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J Prosthodont. 2009 Apr;18(3):283-8. doi: 10.1111/j.1532-849X.2008.00407.x. Epub 2008 Dec 29.

Differential factors that influence applicant selection of a prosthodontic residency program.

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  • 1Department of Restorative Dentistry and Biomaterials Sciences, Harvard School of Dental Medicine, Boston, MA, USA.



The main objectives of this study were to identify current prosthodontic resident demographics and to analyze factors that may influence applicants in selecting prosthodontics as a career, as well as a specific prosthodontic program. We also investigated the influence of age, gender, relationship status, and year in program on applicant decisions.


Two questionnaires were mailed to all prosthodontic residents (N = 304) registered with the American College of Prosthodontists (ACP) Central Office. Part I assessed resident demographics and factors influencing choice of specialty. Part II assessed factors influencing the selection of a specific prosthodontic program.


Completed surveys were obtained from 193 of 304 (63.4%) of all prosthodontic residents registered at the ACP Central Office. The completed surveys represented approximately 48% of the total population of prosthodontic residents in the United States. Demographic data revealed that 37% and 62% of the respondents were female and male, respectively (1% did not report gender). The mean age of the respondents was 30.3 years. More residents reported being married than either single or in a relationship. Most residents were accepted to their top choice program. Part I of the survey revealed that the complexity and challenge of treatment planning/treatment, ability to lead multidisciplinary cases, possession of skills/talents suited to the specialty, enjoyment of clinical work, and the intellectual content of the specialty were reported to be the five most influential factors in choosing prosthodontics as a career. Part II demonstrated that applicants place a high emphasis on clinical education, their impression of the program director, advice from predoctoral mentors, their impression of resident satisfaction and happiness, and the opportunity to place dental implants. The factors of least importance are climate and opportunities to moonlight, teach, and conduct research.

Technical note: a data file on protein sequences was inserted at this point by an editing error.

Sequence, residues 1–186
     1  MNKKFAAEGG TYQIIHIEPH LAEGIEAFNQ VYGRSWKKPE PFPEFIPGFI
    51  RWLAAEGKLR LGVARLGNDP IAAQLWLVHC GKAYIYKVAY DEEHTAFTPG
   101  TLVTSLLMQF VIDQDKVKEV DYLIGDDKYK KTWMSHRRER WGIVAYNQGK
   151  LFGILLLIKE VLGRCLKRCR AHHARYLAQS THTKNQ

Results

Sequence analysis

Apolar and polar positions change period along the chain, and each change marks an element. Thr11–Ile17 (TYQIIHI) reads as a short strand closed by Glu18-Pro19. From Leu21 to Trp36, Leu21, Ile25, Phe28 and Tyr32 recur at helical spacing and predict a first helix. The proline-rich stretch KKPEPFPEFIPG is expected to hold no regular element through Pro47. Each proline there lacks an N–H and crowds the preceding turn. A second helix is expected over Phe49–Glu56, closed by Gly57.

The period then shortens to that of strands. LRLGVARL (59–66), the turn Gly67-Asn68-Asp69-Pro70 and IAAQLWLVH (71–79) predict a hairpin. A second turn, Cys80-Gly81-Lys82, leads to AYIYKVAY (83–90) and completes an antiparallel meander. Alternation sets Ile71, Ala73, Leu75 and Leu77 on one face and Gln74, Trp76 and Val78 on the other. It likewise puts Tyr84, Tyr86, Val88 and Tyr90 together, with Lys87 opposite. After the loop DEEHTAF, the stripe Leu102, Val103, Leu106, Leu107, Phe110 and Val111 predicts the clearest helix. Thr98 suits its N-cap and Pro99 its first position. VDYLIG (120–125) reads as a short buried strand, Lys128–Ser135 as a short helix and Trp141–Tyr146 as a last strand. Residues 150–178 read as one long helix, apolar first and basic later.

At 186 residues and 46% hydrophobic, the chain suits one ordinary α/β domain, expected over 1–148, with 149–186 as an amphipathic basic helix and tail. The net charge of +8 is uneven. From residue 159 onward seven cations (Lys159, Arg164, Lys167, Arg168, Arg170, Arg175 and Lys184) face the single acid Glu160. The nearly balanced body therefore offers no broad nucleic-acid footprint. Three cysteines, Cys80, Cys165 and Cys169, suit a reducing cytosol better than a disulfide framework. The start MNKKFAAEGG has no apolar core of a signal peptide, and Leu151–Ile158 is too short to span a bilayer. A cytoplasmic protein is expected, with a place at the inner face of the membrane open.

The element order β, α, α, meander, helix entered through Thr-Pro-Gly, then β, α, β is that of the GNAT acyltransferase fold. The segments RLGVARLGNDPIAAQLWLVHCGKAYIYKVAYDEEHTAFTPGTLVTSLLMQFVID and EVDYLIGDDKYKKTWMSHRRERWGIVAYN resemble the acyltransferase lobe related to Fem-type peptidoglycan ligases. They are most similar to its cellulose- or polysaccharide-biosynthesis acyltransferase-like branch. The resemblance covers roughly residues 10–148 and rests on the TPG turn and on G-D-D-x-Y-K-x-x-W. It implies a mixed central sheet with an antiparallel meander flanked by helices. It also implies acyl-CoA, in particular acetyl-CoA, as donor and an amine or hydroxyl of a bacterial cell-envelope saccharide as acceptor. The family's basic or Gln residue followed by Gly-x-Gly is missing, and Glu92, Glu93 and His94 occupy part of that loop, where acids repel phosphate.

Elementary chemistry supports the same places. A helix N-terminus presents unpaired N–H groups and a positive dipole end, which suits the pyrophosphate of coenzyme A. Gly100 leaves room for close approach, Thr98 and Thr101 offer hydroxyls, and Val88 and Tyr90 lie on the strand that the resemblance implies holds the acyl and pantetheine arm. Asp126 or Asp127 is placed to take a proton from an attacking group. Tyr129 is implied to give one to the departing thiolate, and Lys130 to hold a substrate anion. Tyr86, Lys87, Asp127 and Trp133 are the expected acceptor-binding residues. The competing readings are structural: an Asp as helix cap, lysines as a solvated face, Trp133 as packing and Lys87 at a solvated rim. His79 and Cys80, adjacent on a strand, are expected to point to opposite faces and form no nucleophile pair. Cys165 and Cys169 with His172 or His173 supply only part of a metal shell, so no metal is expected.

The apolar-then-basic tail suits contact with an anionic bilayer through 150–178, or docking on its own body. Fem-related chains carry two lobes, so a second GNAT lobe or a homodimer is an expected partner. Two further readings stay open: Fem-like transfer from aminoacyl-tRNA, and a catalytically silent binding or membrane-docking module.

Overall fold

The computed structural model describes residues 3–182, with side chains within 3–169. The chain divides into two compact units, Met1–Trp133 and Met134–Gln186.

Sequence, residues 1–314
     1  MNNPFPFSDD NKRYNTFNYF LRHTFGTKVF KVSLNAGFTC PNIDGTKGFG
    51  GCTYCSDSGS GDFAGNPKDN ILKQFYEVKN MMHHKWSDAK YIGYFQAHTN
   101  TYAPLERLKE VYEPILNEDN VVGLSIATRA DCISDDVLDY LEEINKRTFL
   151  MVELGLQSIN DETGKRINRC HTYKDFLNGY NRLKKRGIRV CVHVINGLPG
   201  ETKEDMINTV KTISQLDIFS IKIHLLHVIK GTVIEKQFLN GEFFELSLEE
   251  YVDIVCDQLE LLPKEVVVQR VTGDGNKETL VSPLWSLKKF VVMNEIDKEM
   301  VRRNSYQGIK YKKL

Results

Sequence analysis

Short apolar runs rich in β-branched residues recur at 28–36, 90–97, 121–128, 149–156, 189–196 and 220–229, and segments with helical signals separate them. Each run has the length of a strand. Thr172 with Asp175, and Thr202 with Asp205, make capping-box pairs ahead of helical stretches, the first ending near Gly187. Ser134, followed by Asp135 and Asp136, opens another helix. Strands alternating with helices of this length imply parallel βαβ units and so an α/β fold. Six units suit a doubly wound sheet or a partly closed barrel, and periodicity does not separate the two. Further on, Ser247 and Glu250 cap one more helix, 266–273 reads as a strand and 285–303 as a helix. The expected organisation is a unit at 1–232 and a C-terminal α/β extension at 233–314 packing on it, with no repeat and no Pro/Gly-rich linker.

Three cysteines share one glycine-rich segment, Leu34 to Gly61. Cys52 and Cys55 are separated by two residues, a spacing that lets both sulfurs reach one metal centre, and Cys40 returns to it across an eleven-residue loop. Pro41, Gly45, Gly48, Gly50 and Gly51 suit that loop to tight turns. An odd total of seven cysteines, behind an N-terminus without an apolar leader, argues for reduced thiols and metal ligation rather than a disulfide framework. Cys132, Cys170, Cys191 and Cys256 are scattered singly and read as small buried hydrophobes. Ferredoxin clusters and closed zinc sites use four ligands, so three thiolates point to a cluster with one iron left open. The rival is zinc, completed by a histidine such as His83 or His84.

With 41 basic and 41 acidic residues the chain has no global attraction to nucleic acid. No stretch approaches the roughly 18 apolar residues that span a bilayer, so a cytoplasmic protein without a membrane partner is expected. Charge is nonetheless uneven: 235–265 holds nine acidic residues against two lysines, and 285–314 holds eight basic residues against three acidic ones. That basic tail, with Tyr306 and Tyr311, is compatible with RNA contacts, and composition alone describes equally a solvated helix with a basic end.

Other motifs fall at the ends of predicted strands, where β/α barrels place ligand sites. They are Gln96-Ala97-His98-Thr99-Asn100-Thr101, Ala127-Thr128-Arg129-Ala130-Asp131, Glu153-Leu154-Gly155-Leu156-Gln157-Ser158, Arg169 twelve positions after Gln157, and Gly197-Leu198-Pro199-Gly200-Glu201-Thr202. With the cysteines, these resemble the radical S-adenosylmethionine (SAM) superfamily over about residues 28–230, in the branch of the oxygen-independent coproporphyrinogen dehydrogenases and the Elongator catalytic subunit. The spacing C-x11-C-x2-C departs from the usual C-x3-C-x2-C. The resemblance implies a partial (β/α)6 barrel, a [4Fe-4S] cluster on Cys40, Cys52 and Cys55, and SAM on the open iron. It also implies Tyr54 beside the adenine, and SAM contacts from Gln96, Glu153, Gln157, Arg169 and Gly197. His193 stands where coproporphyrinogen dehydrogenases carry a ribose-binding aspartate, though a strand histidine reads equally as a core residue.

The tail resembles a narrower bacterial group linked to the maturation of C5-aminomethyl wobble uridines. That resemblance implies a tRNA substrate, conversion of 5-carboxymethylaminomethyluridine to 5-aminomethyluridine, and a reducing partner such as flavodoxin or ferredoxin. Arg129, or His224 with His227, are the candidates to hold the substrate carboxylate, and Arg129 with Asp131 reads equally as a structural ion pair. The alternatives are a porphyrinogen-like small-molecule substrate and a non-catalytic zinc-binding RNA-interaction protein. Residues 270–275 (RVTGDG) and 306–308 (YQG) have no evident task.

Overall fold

Dental students consider the complexity and challenge of treatment planning and execution of prosthodontic treatment to be the most important factors in the decision to specialize in prosthodontics. Mentors and predoctoral instructors also strongly influence students. Applicants consider clinical education to be the most important determinant in program selection, but are also influenced by their impression of the program director and his/her philosophy of training. Faculty board certification and the opportunity to place dental implants are also important factors. Relationship status can significantly affect an applicant's choice of program. Teaching and research opportunities appear to be of minor importance to applicants. These findings can be used by the ACP and/or program directors to understand which factors are important to students, enabling them to assess the compatibility of their programs with applicants and modify existing curricula to make their programs more attractive to top candidates.

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